(Strikes beginning Wednesday)
Airport in Kabul, possibly Rishkore and Kargah (south of Kabul), Shamshaad (Taliban base near Pakistan border), Kandahar airport.
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157 dead on planes
422 dead in ruins
4,815 still missing
189 believed killed
64 dead on plane
450,000 tons of rubble
106,838 tons of rubble removed
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Weaponry used in strike
By Associated Press
Some of the weapons and bombers being used in the attacks on Afghanistan:
Tomahawk Cruise Missile:
A long-range, jet-powered cruise missile launched from Navy ships and submarines. First used in the 1991-1992 Persian Gulf War, the missile has since been used several times since, including 1998 attacks on Osama bin Laden's camps in Afghanistan. The missile uses Global Positioning System technology and computer mapping programs to hit its target.
Manufacturer: Raytheon Systems Co.
Engine: Turbofan and solid rocket booster
Length: 20 feet, 6 inches with booster, or 18 feet, 3 inches without
Diameter: 20.4 inches
Wingspan: 8 feet, 9 inches
Weight: 2,900 pounds, 3,000 pounds with booster
Range: 1,000 miles
Speed: About 550 mph
First ready for use: 1986
Inventory: Not listed
A long-range bomber which can fly around-the-world missions. First built to carry nuclear bombs, now used to unleash conventional bombs. First used in combat to support operations against Iraq in 1998 during Operation Desert Fox.
Manufacturer: Boeing, formerly Rockwell International
Engines: Four turbofans with afterburners
Length: 146 feet
Wingspan: 137 feet, with wings extended forward; 79 feet with wings swept back
Speed: More than 900 mph
Weapons: Up to 80 conventional bombs, 30 cluster bombs, 24 guided ``smart'' bombs
First deployed: 1985
Crew: Four (aircraft commander, pilot, offensive weapons officer, defensive weapons officer)
Cost: $200 million
Inventory: 51 battle-ready bombers in Air Force, another 18 in the Air National Guard
Also known as the ``stealth'' bomber, the B-2's ``flying wing'' shape, special materials and other measures are designed to make it difficult for enemy radar to track.
Manufacturer: Northrop Grumman Corp.
Engines: Four turbofans
Length: 69 feet
Wingspan: 172 feet
Speed: High subsonic (less than 750 mph)
Range: 7,255 miles
Weapons: 40,000 pounds of bombs
First deployed: 1993
Crew: 2 (Pilot and mission commander)
Cost: About $1.3 billion each
Inventory: 21 (1 test)
The B-52 is the U.S. Air Force's workhorse bomber, able to drop or fire a wide variety of bombs and missiles. B-52s dropped 40 percent of the ordinance on Iraq during the Gulf War. With airborne refueling, the planes can fly around the world. During the Gulf War, for instance, B-52s took off from Barksdale Air Force Base, La., fired missiles at Iraq, and returned home in marathon 35-hour missions.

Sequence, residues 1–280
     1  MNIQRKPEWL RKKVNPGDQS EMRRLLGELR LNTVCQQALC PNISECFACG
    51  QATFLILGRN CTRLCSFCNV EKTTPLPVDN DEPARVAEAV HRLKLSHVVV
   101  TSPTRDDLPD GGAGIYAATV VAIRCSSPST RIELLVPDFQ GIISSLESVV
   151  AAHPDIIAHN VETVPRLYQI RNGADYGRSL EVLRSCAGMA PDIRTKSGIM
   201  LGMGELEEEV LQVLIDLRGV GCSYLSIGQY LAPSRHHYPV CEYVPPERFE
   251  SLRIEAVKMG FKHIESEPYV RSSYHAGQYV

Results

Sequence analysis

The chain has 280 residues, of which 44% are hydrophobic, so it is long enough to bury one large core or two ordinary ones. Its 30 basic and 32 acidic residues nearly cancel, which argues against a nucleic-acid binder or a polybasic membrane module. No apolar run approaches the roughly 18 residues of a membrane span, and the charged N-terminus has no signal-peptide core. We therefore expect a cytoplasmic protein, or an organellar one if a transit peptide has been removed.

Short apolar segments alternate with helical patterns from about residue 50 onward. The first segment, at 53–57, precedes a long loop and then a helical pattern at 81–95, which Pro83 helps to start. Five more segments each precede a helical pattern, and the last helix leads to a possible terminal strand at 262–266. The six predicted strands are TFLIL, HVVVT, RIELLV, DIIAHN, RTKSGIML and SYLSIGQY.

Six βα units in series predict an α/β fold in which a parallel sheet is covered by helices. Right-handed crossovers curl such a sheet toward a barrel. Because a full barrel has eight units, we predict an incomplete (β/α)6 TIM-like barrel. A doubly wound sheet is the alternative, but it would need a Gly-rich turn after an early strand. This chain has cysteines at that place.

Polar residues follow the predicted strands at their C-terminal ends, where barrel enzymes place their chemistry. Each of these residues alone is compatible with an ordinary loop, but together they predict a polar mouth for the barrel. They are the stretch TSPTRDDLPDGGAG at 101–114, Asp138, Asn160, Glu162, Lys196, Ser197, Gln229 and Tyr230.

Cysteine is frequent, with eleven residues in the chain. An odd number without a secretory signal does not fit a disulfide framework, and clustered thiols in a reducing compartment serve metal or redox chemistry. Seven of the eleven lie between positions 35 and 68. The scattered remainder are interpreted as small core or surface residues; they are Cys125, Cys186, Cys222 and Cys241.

Engines: Eight Pratt & Whitney turbofans
Length: 159 feet, 4 inches
Wingspan: 185 feet
Speed: 650 mph
Range: 8,800 miles without refueling
Weapons: 70,000 pounds of ordinance, which can include bombs, mines and missiles
First deployed: 1955
Crew: Five (aircraft commander, pilot, radar navigator, navigator and electronic warfare officer)
Cost: $74 million
Inventory: Air Force active, 85; Air Force Reserve, 9
Joint Direct Attack Munition:
A special kit that fits on the tail of a conventional 1,000-pound or 2,000 pound bomb allowing the bomb to be guided by global positioning systems. The military developed the system after the Gulf War to allow planes to drop conventional bombs during bad weather or from longer distances.
Length (JDAM and warhead): From 119.5 inches to 152.7 inches, depending on size of bomb
Wingspan: Either 25 inches or 19.6 inches
Weight: Between 1,013 pounds and 2,115 pounds
Wingspan: 19.6 inches to 25 inches
Range: 15 miles
Ceiling: 45,000-plus feet
Cost: About $21,000 per kit
Range: Up to 15 miles
First deployed: 1999
Inventory: Projected total, 87,496 - Air Force, 62,000; Navy, 25,496
These are some of the "smart bombs" of Persian Gulf War fame, and the military has been using them in increasing numbers over the past decade. They can be dropped from fighters and bombers, and they use lasers or other means to find their targets. These bombs can be targeted on buildings or vehicles and, because of their accuracy, don't cause as much unintended damage as World War II-style unguided bombs. The largest is the GBU-28, a 5,000-pound bomb designed to penetrate buried bunkers, to go after leaders and command-and-control networks hidden underground. It can be launched by the B-2 stealth bomber and other aircraft.
Once launched, these bombs essentially drop more little bombs, called bomblets, over a wide area. Some explode on contact, and are able to wipe out troop concentrations or columns of armored vehicles. Others delay exploding until a certain amount of time has passed, becoming what amounts to an air-dropped minefield.
Unguided "dumb" bombs:
These range from 500 pounds to 2,000 pounds. The skill of the bomber pilot determines whether these free-fall weapons hit their targets. B-52s can drop these in large numbers, laying waste to a wide swath of territory. They are also much cheaper to manufacture than the newer, guided weapons.
Similar to guided bombs, these also have a propulsion system that carries them to their targets, meaning they can be launched from farther away. Some are guided by GPS satellites. The Joint Direct Attack Munition -- "Jay-Dam" in military parlance -- is frequently employed and can be launched from fighters and bombers. A newer weapon, called the Joint Standoff Weapon, can be fired from greater distances -- meaning the bomber is not as exposed to anti-aircraft fire. Certain air-to-ground missiles, called high-speed antiradiation missiles, or HARMs, can follow an incoming radar signal back to its source. These are used to attack air defense sites, which use radar to search for incoming attack aircraft.
Photos: Reuters handouts